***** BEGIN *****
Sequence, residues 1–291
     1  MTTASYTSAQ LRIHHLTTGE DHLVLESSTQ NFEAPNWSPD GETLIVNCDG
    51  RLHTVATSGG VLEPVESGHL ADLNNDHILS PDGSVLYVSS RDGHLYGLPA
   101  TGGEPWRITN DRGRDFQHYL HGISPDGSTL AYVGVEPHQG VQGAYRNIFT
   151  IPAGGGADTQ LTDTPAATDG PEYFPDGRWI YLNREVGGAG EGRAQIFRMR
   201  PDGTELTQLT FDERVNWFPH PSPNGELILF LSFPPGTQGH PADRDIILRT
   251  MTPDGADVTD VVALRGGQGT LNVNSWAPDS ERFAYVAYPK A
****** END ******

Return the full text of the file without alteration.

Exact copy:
Sequence, residues 1–291
     1  MTTASYTSAQ LRIHHLTTGE DHLVLESSTQ NFEAPNWSPD GETLIVNCDG
    51  RLHTVATSGG VLEPVESGHL ADLNNDHILS PDGSVLYVSS RDGHLYGLPA
   101  TGGEPWRITN DRGRDFQHYL HGISPDGSTL AYVGVEPHQG VQGAYRNIFT
   151  IPAGGGADTQ LTDTPAATDG PEYFPDGRWI YLNREVGGAG EGRAQIFRMR
   201  PDGTELTQLT FDERVNWFPH PSPNGELILF LSFPPGTQGH PADRDIILRT
   251  MTPDGADVTD VVALRGGQGT LNVNSWAPDS ERFAYVAYPK A